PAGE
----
The most dangerous financial shift that has occurred in the United States in the past thirty years has been the shift from the pension system to one dominated by 401(k)’s.
You’re going to get bad results when you expect the average guy on the street to (1) save appropriately, and (2) select the appropriate investments so that he can build long-term wealth for decades on end.
According to CNN: http://www.money.cnn.com/2014/02/13/retirement/401k-balances/ , the average 401(k) account for someone approaching his or her 65th birthday is $165,200. Even if you reach the conclusion that people should bear the personal responsibility to prepare for their own retirements, you still have to acknowledge that the society-wide result is going to carry a lot of unpleasant effects in terms of people unprepared to take care of themselves in their later years (at this point, it would become a political question of whether you’d find that permissive).
There’s a number of reasons why people find themselves on that situation. Money remains a taboo subject or something of disinterest for most high school and college students, and robust financial literacy isn’t occurring on a society-wide basis because parents don’t want to talk about it, schools don’t teach it, and it’s not exactly something that the high school quarterback is going to be talking to the cheerleader about on a Saturday night.
And even if you do decide to make it a priority to save 15% (or whatever amount) of each paycheck that you receive, then you’re immediately swamped with trying to find the “right” investment. Do you buy stocks? Bonds? Mutual funds? Which one? Should you put your money with that guy in Omaha? What about my friends who say I should buy Apple stock? And what about that income investor website with a guy that keeps saying “Buying Coca-Cola” stock?
I was thinking about these things today when I was eating lunch and saw this fifty-second commercial for Lear Capital on the Fox News Business Channel.
I was instantly put off.
There was just something terribly predatory about it. I pictured in my mind a young professional, not terribly familiar with stocks, getting swayed by the scare tactics of the Fed printing $75 billion per month. I pictured an elderly couple worried about a $300,000 nest egg after the commercial proclaims that we are living through one of the worst market bubbles in history.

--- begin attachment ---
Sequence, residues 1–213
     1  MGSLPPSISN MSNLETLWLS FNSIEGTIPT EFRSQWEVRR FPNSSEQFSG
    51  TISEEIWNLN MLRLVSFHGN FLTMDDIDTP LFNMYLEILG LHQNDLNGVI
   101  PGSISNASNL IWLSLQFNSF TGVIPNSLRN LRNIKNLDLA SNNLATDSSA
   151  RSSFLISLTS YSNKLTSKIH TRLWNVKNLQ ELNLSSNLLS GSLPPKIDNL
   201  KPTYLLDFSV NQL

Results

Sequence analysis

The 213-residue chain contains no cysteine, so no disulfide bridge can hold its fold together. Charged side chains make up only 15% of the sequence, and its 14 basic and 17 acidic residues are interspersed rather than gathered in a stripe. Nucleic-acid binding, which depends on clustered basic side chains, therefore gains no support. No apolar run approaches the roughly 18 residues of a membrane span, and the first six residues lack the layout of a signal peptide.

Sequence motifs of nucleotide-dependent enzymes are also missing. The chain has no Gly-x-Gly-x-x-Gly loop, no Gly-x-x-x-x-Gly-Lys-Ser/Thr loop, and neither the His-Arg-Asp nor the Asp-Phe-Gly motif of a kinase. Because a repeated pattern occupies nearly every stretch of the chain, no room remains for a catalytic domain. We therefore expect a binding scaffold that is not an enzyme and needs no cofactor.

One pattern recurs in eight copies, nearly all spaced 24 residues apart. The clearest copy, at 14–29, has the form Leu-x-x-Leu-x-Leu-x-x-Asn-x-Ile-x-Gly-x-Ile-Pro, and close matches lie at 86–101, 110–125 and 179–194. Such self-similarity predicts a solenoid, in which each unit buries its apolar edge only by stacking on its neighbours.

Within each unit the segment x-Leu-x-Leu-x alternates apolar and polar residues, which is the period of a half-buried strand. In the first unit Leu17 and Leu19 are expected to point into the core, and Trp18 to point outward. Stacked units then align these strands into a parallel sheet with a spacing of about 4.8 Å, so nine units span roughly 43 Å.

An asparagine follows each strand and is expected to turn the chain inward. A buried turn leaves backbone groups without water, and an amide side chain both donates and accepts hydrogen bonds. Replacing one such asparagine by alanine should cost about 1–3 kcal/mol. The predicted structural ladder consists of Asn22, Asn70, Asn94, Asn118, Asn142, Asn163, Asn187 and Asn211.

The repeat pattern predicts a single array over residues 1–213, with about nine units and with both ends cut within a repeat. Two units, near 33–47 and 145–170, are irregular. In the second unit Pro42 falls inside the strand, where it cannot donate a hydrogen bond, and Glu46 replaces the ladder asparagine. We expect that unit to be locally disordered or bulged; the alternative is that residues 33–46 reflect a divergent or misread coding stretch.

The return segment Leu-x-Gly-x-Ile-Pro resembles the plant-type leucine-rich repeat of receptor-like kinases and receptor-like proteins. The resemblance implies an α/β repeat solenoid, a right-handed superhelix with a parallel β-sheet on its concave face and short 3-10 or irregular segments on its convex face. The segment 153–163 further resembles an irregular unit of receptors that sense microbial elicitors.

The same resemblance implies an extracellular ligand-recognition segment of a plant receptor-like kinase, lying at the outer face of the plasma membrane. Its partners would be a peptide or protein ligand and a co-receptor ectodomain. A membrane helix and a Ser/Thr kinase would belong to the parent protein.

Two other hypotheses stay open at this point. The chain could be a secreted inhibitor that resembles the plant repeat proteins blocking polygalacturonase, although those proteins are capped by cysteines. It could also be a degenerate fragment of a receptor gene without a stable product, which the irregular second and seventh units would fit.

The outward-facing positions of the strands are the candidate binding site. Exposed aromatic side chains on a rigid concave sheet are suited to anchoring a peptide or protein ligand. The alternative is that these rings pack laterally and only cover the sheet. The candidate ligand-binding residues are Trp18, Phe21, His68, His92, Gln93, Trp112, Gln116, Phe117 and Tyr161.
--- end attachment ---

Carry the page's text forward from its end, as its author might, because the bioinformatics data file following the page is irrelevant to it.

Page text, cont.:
It’s all about scaring and preying to create business. For commercials like that, there needs to be a countervailing force saying, “If The Fed stops intervening, stock prices might decline up to 10% if all else remains equal. But all else is not equal. Corporate profits, buybacks, and dividends are growing. For example, Johnson & Johnson’s profits have increased from $5.00 at the start of 2012 to $5.85 (estimated) by the end of 2014. Over the course of three years, that 17% profit growth is going to overcome any fluctuation caused by the termination of Fed Intervention.
That’s the problem with most scare tactics—that take something that seems plausible, and (1) exaggerate it, while (2) simultaneously ignoring any countervailing facts. The ad goes on to say that we’re in “the biggest bubble in history.” That’s absurdly false—the current markets aren’t even close to the dotcom bubble of fifteen years ago. Around 2000, most large-cap stocks were trading in the 40-50x profits range. You reach bubble status when large-cap, mature (non-cyclicals) firms trade at over 30x earnings. Right now, most of them are trading around 20x profits. We would need the price of stocks to increase 33% in excess of profit growth to reach bubble territory, and we’d need stocks to climb 50% this year in excess of profit growth to be on par roughly with what happened fifteen years ago.
That’s why I don’t like that Lear Capital commercial—it seems designed to appeal to fear and the primal instincts of those that don’t know any better. It provides scary, isolated supposed facts aimed at using fear to drive customers to their door. You’re a net negative for the civilization when you’re scaring people with emotionally provocative talking points to get them to give you money. It’s an unabashed attempt at selling fear to those who don’t know any better.